Something to keep in mind

[I made a new topic because I think this is key statement for our question.]

To refresh our memory and because I think this is a very interesting statement (“The knowledge of generations to come” by Karel):

While we are discussing this matter, we are looking at the elderly of today and searching for the best solution for them. But something we have to remember is that the generation called “elderly” is not a fixed constant. The elderly of today are from a generation that barely knew basic technologies like computers, internet and even television, when growing up. For them, this technological boost is going too fast so adjusting to it and accepting technology in the basic way of life like we, the younger generations, do isn’t as obvious as it is for us. We grew up with computers as a basic machine within a household and compared with our parents, we are computers geniuses. We ‘understand’ the internet because we grew up with it. We don’t need a manual to program our DVD-player because we have a basis technological ‘touch’. We don’t understand why our parents sometimes don’t get the simplest functions or commands on a computer or DVD-player. For us it’s so obvious so why can’t our parents, who are supposed to be smarter than us, figure it out?

And when we look at the generation of teenagers, this technological touch become more apparent. 14 year old children can create websites and even earn money with them. Social networks are as normal to a modern child as playing at the playground was for us and our ancestors. Playing games together doesn’t take place at home during ‘play dates’, instead it happens on the internet using their gaming console. Looking at Moore’s law [1] (applied to information instead of hardware) and Vernon Vinge’s singularity [2], we can only expect this phenomenon the stay and even develop further.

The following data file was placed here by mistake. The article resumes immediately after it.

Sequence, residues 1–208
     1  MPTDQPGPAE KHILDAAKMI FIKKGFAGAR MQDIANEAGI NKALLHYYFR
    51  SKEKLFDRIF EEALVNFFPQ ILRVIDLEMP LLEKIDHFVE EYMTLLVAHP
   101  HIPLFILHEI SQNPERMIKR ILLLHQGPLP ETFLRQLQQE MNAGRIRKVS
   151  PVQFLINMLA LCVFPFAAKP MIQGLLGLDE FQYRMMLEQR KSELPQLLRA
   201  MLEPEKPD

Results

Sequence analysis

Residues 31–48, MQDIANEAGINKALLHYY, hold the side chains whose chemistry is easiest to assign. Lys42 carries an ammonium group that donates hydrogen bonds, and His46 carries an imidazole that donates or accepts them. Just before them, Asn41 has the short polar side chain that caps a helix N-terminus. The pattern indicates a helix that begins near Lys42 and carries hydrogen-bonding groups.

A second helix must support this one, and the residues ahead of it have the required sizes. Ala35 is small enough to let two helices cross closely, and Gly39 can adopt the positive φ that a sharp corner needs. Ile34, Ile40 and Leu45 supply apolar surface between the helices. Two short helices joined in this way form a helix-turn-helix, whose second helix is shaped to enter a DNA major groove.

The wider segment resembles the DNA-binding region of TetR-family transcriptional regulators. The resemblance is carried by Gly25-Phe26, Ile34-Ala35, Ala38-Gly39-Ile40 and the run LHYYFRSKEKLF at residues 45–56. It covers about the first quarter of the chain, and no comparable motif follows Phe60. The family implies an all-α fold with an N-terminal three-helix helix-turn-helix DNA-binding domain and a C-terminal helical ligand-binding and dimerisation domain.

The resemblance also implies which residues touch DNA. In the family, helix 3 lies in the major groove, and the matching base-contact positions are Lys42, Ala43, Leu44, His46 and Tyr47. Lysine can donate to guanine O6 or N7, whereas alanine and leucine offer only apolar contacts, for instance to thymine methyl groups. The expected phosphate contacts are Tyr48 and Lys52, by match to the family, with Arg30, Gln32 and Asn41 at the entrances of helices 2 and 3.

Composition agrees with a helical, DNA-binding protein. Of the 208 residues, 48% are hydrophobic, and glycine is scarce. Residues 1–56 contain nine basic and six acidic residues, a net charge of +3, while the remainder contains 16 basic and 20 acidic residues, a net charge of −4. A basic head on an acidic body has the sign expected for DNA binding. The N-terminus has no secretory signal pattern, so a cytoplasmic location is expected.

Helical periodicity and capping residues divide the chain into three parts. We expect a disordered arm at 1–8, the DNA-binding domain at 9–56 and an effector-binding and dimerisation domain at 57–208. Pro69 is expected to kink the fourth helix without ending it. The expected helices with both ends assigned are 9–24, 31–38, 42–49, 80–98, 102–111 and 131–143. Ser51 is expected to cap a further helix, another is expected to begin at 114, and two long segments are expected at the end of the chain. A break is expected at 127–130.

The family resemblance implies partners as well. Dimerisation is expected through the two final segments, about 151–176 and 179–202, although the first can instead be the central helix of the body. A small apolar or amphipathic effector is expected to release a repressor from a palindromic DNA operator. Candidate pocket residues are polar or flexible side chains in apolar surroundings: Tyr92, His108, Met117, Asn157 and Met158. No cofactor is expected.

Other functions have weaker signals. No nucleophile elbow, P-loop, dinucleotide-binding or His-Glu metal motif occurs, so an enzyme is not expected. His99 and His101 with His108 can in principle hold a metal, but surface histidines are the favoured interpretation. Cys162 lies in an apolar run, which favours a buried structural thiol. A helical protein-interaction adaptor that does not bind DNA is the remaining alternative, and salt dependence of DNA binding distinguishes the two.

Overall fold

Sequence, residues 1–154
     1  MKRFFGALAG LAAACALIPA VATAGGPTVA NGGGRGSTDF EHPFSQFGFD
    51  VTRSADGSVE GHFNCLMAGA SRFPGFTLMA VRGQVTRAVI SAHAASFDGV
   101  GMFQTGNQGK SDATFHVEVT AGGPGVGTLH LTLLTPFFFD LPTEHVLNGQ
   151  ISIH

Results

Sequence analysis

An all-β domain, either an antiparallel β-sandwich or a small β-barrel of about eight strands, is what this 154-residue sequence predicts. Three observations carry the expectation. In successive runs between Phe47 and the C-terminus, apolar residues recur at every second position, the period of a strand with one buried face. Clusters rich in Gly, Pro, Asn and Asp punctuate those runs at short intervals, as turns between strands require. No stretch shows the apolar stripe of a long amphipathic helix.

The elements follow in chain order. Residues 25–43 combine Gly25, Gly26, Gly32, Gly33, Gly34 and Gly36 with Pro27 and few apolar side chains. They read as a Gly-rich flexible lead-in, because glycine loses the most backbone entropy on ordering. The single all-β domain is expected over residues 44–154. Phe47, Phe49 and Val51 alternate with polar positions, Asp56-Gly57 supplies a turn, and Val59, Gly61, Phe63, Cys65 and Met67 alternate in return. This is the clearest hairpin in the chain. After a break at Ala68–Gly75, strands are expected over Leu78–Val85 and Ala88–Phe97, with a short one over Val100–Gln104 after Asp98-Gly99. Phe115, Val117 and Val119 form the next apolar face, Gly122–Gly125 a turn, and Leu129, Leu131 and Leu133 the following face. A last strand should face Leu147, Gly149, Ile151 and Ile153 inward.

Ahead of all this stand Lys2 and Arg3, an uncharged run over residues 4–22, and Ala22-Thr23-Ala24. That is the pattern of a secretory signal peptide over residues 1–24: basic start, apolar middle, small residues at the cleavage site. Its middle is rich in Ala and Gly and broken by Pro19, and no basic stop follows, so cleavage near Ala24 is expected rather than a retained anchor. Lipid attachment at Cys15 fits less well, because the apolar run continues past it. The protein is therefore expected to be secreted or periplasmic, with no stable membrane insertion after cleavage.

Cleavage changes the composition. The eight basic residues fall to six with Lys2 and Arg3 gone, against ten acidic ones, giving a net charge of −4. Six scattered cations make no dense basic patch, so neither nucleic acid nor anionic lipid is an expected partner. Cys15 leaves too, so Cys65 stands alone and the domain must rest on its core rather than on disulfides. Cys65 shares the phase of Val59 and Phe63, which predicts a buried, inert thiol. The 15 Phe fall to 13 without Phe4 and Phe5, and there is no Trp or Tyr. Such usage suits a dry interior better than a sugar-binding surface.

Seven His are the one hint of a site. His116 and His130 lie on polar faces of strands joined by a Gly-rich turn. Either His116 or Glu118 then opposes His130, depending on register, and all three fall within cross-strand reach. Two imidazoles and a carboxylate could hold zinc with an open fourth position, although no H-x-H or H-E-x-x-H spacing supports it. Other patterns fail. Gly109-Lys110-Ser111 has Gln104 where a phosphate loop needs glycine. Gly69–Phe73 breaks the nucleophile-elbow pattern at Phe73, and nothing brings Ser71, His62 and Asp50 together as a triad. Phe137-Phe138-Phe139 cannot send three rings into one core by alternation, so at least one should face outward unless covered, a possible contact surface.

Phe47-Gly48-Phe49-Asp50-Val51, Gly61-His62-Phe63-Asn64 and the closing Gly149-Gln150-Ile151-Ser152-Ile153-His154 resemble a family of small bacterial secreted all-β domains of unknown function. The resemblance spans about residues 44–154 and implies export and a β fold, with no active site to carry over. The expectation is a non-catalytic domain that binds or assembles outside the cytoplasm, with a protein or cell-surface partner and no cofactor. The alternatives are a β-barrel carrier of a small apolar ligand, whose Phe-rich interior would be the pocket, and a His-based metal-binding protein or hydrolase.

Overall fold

So by the time we are getting older, wouldn’t we use technology to make our lives easier and to keep our independence? I think that even our parent will already be less reluctant to use technology, because they are used to technology in their daily lives.

So should we really focus on something that probably will not last, that is reluctance towards technology?

[1] Moore’s law, http://en.wikipedia.org/wiki/Moore’s_law#Other_formulations_and_similar_laws

[2] Technological singularity, http://en.wikipedia.org/wiki/Technological_singularity

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